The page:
Zippering up as he left me he opened the door and stopped on the threshold to blink and swallow and move some blood around his body. I sort of bounced around and he sort of breathed a little and a piece of ice fell from his jacket to land on the wood below.

He turned his gloves back to right-side-in from inside-out, and he did it slow, real slow. I was sort of humming and he sort of hummed along with me, pretending to know the song but he couldnít have cause I was making it up as I went along.

When he finished with the gloves he started on his hat, turning it out the proper way, which didnít take too long cause really, a hat is a hat and is less complicated than a glove. So he turned his hat right-side-in and I sort of stopped bouncing and he quit the humming and I did too and we stood for a moment and moved the blood through our bodies.

And his gloves were ready to go and I could tell, and his jacket and hat wanted to leave and I knew. But he wanted to stay, just him with his blinking and breathing. And all the stuff that didnít matter was leaning out and he was leaning in and I knew that he was feeling oddly obliged to his clothing.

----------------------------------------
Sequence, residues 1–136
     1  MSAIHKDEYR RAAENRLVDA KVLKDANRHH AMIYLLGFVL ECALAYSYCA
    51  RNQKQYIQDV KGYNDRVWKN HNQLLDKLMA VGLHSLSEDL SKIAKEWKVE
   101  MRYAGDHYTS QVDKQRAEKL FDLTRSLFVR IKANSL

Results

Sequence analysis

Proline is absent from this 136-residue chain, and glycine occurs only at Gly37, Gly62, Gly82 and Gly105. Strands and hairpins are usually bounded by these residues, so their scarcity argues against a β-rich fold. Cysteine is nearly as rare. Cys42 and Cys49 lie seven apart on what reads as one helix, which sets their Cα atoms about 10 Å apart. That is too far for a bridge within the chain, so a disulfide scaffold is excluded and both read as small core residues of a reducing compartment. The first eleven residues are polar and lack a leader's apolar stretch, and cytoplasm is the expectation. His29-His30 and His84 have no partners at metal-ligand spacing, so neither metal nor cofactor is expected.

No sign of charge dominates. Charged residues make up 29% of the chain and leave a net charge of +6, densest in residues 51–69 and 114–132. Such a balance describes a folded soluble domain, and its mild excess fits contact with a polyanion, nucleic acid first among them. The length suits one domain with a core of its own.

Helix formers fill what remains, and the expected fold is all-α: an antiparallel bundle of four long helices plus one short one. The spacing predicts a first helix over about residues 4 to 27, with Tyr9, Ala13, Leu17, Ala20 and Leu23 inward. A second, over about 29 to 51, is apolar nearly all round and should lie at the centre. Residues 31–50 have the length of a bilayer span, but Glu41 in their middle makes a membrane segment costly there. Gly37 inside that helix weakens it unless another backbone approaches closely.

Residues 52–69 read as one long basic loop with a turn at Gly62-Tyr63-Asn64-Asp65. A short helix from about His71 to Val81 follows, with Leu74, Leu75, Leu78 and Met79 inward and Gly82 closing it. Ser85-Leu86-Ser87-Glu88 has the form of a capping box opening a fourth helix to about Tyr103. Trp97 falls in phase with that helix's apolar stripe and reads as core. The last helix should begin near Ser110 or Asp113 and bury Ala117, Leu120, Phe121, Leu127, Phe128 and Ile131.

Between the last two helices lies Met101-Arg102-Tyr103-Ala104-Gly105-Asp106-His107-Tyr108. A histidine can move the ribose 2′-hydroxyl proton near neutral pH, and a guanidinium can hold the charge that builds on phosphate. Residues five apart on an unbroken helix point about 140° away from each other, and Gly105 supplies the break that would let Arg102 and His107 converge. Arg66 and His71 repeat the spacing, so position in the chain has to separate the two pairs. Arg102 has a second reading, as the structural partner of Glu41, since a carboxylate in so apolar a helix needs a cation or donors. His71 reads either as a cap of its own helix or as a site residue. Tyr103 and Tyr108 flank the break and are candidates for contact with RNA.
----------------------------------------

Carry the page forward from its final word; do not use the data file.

When I touched his sleeve his jacket pulled back sort of sudden, but his ears moved in and then he was standing all off-kilter, his jacket leaning toward the door and his ears wanting inside. So thatís what I went for, his ear, real light and gentle I touched his ear, right below his hat, and that was that. He was staying. His ears had decided.

Iíve often thought about us as a zipper, zippering together sometimes and then zippering apart. That night past midnight real late the fire cooled ember orange and the ice by the door let loose and slid through the cracks in the floor. The windows breathed frost and the house hugged the boards and beams and paint and shingles and stairways and walls, hugged them so tight that their bones creaked. The house hugged and sighed and nestled down into its foundation, casting its eyes down and turning its face away from the snow. We zippered up too and lay before the falling fire, thinking about before and after and in-between. Thinking mostly, talking little.